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There has been much talk in recent days about the negative effects that the Trump campaign’s futile (and, at times, downright disgraceful) strategy of never-ending legal battles to contest the recent election. While that talk is mostly correct, an under-discussed side effect is that it risks hampering conservatism going forward.

This is not to say the Republican Party risks being dragged down with Trump’s sinking ship. The GOP did quite well in House and Senate races and in a two-party system, the rumors of one party’s demise are always greatly exaggerated. But conservatism and the GOP are not necessarily the same thing. …


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The 2000 Electoral College Map

Glenn Kessler of the Washington Post thinks this election is a mess and therefore wonders if the Electoral College is sustainable. In a multi-tweet thread, he wonders, “Is the Electoral College sustainable when Trump fights to overturn the results in a handful of states, in a vain hope to win, even though he lost the popular vote by more than 5 million votes? Bush in 2000, by contrast, only barely lost the popular vote.”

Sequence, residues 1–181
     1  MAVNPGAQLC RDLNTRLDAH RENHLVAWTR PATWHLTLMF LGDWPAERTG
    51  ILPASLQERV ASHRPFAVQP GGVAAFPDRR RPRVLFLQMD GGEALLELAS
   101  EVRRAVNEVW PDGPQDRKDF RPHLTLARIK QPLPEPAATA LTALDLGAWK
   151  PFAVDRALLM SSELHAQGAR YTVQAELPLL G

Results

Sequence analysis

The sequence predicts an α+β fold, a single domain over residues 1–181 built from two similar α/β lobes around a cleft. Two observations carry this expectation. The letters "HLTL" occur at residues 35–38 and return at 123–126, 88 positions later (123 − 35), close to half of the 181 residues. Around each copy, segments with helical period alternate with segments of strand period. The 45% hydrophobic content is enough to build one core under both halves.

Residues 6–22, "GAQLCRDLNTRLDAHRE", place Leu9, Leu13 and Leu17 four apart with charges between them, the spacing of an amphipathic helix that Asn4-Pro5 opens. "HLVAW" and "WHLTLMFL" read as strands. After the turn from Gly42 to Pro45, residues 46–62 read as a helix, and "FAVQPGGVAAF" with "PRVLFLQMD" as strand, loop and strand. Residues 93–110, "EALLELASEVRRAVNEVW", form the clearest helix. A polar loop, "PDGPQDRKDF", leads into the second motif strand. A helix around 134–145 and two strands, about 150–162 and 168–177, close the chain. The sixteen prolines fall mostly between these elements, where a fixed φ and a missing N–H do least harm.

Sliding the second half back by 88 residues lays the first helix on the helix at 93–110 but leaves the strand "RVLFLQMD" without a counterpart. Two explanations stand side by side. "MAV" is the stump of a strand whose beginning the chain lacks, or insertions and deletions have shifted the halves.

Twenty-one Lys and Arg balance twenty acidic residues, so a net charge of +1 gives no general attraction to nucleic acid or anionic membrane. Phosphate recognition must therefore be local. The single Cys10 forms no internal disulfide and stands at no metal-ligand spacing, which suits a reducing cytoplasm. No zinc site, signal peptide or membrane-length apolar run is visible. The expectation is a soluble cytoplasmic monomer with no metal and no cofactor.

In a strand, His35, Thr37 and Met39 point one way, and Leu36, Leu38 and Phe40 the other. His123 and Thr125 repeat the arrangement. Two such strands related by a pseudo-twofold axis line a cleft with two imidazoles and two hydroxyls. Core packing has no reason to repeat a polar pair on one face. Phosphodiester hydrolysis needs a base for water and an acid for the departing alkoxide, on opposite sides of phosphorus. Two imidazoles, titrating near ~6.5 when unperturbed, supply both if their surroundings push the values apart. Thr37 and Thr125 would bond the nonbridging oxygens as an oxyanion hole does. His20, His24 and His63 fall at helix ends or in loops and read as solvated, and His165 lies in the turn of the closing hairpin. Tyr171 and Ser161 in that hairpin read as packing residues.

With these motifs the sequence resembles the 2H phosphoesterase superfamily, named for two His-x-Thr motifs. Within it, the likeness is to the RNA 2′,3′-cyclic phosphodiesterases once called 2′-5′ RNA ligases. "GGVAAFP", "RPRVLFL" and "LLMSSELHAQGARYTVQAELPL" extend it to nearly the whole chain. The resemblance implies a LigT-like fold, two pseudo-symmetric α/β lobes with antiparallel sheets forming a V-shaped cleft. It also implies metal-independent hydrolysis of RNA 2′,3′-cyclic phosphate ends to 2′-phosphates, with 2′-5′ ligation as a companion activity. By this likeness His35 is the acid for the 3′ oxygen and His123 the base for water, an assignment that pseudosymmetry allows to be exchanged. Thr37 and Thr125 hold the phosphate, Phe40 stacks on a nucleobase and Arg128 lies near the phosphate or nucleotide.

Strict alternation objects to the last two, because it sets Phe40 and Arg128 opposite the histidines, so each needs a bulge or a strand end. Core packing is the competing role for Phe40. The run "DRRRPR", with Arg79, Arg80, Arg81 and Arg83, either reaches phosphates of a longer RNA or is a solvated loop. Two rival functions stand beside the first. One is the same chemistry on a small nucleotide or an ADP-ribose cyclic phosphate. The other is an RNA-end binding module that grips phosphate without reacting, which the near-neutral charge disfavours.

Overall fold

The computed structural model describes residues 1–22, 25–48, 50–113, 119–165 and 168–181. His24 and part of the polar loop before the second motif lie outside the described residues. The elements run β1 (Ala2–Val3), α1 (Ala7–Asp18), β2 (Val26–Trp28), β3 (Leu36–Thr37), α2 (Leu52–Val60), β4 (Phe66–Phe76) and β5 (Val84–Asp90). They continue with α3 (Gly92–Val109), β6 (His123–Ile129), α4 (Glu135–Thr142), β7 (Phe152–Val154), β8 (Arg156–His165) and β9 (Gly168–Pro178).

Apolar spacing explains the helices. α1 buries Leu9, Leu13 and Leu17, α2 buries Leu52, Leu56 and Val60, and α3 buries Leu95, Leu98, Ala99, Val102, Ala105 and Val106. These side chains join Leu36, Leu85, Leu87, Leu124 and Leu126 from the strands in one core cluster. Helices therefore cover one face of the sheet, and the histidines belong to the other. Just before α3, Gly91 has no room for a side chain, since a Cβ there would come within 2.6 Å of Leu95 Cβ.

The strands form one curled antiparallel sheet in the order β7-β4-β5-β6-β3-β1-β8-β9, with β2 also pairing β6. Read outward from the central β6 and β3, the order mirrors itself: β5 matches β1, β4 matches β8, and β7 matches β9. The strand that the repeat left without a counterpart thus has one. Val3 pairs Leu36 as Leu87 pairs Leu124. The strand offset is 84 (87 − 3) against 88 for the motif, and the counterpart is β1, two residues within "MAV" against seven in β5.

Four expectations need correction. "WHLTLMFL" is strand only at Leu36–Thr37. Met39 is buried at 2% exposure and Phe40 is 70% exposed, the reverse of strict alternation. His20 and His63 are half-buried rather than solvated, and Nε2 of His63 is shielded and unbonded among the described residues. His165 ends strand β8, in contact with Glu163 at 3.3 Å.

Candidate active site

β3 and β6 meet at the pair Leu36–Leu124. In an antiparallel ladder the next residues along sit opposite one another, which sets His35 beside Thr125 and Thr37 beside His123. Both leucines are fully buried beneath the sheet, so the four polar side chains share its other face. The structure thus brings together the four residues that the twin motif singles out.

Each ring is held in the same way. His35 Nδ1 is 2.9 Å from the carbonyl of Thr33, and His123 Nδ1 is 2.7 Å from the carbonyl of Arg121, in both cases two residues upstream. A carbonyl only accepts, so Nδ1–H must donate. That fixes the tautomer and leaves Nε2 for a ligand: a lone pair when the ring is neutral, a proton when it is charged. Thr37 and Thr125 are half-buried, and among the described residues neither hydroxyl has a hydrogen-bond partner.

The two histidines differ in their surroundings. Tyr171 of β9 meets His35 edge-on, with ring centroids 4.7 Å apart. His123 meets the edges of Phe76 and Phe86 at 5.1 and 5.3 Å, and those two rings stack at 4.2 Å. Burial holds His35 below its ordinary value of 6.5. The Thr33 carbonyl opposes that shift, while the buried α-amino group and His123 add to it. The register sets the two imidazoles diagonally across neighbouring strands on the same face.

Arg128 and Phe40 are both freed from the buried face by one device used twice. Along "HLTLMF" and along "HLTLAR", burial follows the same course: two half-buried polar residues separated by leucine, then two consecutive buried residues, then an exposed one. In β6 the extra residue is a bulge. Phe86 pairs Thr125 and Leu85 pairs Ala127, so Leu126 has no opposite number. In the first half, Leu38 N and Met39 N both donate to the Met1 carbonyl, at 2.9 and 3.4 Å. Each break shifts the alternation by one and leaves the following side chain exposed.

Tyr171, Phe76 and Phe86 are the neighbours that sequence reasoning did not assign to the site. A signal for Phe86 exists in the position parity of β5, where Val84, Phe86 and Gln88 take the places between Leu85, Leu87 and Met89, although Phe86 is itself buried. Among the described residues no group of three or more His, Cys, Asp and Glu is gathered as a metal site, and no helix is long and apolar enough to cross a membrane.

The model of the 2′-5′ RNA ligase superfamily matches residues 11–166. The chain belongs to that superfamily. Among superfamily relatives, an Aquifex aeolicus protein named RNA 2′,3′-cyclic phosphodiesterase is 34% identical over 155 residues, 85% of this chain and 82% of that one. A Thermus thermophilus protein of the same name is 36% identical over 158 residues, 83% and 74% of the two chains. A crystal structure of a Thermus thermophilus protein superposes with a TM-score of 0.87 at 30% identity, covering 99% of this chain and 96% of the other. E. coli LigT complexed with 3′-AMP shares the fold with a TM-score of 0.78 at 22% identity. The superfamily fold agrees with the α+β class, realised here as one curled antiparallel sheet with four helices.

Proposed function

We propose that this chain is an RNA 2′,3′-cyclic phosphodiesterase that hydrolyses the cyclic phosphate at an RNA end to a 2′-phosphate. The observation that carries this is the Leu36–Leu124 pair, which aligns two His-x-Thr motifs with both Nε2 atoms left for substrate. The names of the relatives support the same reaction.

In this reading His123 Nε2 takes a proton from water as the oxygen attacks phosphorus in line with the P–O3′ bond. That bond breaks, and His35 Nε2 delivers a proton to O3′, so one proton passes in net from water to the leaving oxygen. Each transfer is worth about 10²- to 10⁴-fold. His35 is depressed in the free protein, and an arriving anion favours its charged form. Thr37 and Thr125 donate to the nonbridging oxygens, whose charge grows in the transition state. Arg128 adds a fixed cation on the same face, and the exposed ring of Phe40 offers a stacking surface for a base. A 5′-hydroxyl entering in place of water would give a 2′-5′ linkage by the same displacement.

Later he adds, “The Electoral College has many advantages and served the country well. …


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Will Donald Trump run again in 2024? The speculation has already begun.

Joe Biden will be the next president of the United States, but who will be the Republican nominee in 2024? There are already reports that Donald Trump will try to pull a Grover Cleveland and run again. Then there’s Ron DeSantis, but what about Kristi Noem, who has made a name for herself in recent months? Of course, there’s also Nikki Haley and Larry Hogan has floated a trial balloon or two.

If this all seems ridiculous, that is because it is. In 2020, Elizabeth Warren, after forming an exploratory committee on December 31, 2018, formally announced on February 9, a full year before Iowa and 21 months before the general election. …

About

Alex Christy

Writing about politics and other interesting things. Contributing Writer to NewsBusters. Member of YAF’s National Journalism Center’s Spring 2019 class.